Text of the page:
IALPA warns on bogus self-employment in aviation

IALPA calls on Government to step up scrutiny of pilots in bogus self-employment

The Irish Airline Pilots Association (IALPA), a branch of Fórsa trade union, has told an Oireachtas committee that the Irish Revenue Commissioners and the Department of Employment Affairs and Social Protection need to approach their investigations into the status of Irish airlines’ contractor pilots “with the same focus and intensity as the authorities in Germany and the UK.”

The president of IALPA, Captain Evan Cullen (pictured), was addressing the joint Oireachtas Committee on Employment Affairs and Social Protection today (Thursday) in a hearing about bogus self-employment.

Captain Cullen told the committee that approximately half of pilots operating in Irish-registered airlines are not employed directly by the airline they fly for, which he said is “an extraordinarily high-level for such an important skilled and safety-critical profession.”

He said Ireland’s rate of ‘contractor’ pilots is far higher than the European average. Across Europe, 18% of pilots have non-permanent indirect employment status.

Approximately half of pilots operating in Irish-registered airlines are not employed directly by the airline they fly for.

He said: “In addition to the impact on individual pilots, and possible safety implications, the fact that in the region of 2,000 Irish-registered pilots are working as contractors means that the State loses out on the 10.85% Employers’ PRSI on those pilots’ salaries.”

Based on data published by the Department of Finance and the Department of Employment Affairs and Social Protection in 2018, IALPA conservatively estimates that this could cost the State around €15 to €16 million per year on an ongoing basis.


Captain Cullen described the typical structure of the employment arrangements for pilots affected by these arrangements. He said the offer of a contract to a pilot by an airline is subject to the pilot becoming a director and shareholder of a pre-existing limited company.

“The company will typically have between three and eight other directors, but the pilot will not be told who those directors are. The pilot will only be allowed to fly for one airline under this arrangement, which is usually put in place by an intermediary agency,” he said.

He said the majority of the pilots subjected to these Irish arrangements are not Irish nationals, do not speak English as a first language and do not live or work in Ireland.

He added that while the position of self-employed contractors appears to be legal under Irish law, different pieces of legislation may view these contracts in different ways should they prove not to comply with the law. “In such instances, the pilot could be subject to sanction for a contracting arrangement that was effectively foisted on them,” he said.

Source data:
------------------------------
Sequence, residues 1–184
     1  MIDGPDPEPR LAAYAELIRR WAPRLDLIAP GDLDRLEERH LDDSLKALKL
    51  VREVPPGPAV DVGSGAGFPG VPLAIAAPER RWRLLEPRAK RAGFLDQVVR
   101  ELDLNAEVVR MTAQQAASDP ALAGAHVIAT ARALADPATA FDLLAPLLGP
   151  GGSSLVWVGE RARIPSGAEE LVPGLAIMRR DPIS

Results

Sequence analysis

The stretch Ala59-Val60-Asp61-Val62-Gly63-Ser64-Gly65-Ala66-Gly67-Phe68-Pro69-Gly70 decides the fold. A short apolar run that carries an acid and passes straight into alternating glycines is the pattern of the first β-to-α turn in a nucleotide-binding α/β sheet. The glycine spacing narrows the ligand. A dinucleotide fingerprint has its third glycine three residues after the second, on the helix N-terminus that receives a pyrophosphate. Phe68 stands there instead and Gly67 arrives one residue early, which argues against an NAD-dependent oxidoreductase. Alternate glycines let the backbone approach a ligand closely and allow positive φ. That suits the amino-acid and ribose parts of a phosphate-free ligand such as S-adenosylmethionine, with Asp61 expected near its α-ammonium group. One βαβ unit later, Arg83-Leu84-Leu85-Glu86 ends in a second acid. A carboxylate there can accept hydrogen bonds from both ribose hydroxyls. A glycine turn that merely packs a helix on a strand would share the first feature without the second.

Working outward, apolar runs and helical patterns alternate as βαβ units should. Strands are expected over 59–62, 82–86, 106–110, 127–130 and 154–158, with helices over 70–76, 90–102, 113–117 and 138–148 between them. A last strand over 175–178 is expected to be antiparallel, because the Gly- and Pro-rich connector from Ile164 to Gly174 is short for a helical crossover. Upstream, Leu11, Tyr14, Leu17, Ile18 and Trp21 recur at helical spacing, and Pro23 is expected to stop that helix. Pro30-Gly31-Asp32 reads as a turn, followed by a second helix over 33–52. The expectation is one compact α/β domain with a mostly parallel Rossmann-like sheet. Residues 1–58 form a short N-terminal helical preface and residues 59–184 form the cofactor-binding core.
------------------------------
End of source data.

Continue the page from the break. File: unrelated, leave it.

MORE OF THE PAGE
Captain Cullen told the committee that the Revenue Commissioners list a number of indicators of employee or contractor status. Irish contractor pilots only meet one of the 24 ‘contractor’ criteria, but they meet 23 of the ‘employee’ criteria.

“Based on this assessment, it is IALPA’s view that these contractor pilots are subjected to bogus self-employment and should be deemed to be employees and not self-employed contractors.

IALPA says these contractor pilots are subjected to bogus self-employment and should be deemed to be employees and not self-employed contractors.

“The actual working lives of contractor pilots subject to bogus self-employment arrangements do not vary in any meaningful detail from their employee pilot colleagues,” he said.

He added: “Young pilots are particularly affected by precarious employment terms, with almost 40% of such young pilots having no direct employment relationship with the operator they fly for, and the vast majority of the ‘contractor’ pilots in Ireland are also relatively young.”

Captain Cullen told the committee that the contracting arrangements in question can have several consequences, including:

  • The airline does not have to pay the 10.85% employer PRSI contribution which has long-term consequences for the contractor pilot
  • The pilot does not enjoy the benefits or protections of employment law rights such as access to unfair dismissal legislation, paid maternity and paternity leave and sick leave benefits
  • The pilot’s rights to participate in any form of collective bargaining and industrial action are effectively neutralised.

He told the committee that legislative change was needed to ensure that the practice cannot continue.

These changes should be based on:

  • Presumption that all workers are employees unless the opposite is proven
  • Putting the burden of proof on the employer not the employee
  • Ensuring that such arrangements are not imposed on any worker through duress or threat of contract refusal.

Case study

Captain Cullen outlined an example to the committee from 2011, when a German prosecutor asked the British authorities to search the UK premises of a company that provides pilot services to an Irish airline. The prosecutor alleged that the company in question was in breach of tax and social security law.

He said the German prosecutor stated that the agency in question was responsible for processing the monthly work performance for approximately 1,600 ostensibly self-employed pilots with the airline, through 300 Irish companies which had the legal form of a limited company.

“These companies were administered by accountancy firms specified on a list of ‘acceptable accountants’ that the pilots could engage with for the purpose of complying with the contract requirements. According to the German prosecutor, these companies may only serve to conceal an employment relationship with the airline,” he said.

A full copy of Captain Cullen’s presentation to the committee is available HERE.